Move to Help Children Break Cycle of Domestic Violence
Byline: By MADELEINE BRINDLEY Western Mail
A pioneering pilot project to break the cycle of domestic violence in families is set to be extended across South Wales.
NSPCC Cymru staff are working with the child victims of domestic violence who are beginning to show disturbing signs of becoming violent and aggressive.
The project, which is due to restart in the autumn will draw on Canadian expertise - the world leaders - on working with children with violent or abusive tendencies.
The move comes as awareness and understanding of the long-term effects and impacts of domestic violence on the whole family increases.
Research has shown that in 80% of cases of domestic assault, children are either in the same or adjacent room and witness or hear the attack taking place.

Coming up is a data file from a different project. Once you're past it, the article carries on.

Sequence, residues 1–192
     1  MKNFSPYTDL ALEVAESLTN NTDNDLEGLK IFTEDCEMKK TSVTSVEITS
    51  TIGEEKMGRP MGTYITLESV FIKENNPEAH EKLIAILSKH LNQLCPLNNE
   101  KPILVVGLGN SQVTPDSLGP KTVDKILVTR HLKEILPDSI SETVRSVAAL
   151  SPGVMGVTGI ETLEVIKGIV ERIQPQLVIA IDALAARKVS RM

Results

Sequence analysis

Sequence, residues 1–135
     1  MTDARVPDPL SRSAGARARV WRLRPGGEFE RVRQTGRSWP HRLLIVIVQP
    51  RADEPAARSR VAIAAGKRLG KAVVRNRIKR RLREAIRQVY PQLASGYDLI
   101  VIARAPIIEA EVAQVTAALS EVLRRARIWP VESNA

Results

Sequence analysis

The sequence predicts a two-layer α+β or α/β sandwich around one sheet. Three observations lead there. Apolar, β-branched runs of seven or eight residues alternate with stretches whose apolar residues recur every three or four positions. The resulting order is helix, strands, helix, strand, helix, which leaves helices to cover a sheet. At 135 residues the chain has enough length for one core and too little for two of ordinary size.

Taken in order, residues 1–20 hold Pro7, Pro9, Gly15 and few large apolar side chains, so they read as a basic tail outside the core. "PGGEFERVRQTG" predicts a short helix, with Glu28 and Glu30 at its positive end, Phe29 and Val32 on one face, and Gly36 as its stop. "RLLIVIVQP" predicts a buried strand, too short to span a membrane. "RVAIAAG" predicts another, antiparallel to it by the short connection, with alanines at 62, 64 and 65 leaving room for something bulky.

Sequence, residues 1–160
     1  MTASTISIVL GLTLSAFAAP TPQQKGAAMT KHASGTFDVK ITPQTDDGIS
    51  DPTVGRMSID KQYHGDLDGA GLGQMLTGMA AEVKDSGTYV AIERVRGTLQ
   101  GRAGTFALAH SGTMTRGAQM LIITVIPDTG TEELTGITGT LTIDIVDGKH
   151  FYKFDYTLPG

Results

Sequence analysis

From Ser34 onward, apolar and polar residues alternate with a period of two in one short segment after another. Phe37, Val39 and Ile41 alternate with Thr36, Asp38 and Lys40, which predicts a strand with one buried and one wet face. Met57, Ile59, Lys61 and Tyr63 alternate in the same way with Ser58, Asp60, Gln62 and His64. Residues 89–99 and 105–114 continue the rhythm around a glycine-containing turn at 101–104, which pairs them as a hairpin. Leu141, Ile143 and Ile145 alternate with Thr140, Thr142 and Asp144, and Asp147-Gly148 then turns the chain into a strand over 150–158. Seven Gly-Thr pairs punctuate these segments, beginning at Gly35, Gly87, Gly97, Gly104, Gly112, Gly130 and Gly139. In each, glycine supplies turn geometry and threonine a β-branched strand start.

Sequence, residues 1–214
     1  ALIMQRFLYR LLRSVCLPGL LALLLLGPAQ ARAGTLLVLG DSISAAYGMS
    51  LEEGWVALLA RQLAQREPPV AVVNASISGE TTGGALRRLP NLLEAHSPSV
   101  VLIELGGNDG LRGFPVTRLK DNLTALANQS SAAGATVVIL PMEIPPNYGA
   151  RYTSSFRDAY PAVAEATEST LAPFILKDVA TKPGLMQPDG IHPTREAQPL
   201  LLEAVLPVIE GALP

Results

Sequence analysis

And children are 15 times more likely to become involved in child protection issues where there is domestic violence within the household.
The project, which initially ran in Cardiff, Caerphilly and the Vale of Glamorgan as part of the NSPCC Cymru's Domestic Violence Prevention Service, is also a response to children's fears they may become abusive adults, or become involved with an abusive partner, after witnessing domestic violence during their childhoods.
Kevin Gibbs, the NSPCC's area services manager for South and East Wales, said, 'Children are saying to us that they are either worried about turning into someone who does behave abusively or they will choose a partner who is violent towards them.
'They have a lot of anxieties about this but it doesn't have to be like this.
'Hopefully this will break the cycle of abuse and children will not go on to offend in adulthood.
'If we can intervene properly and early enough in childhood we can prevent it happening later. …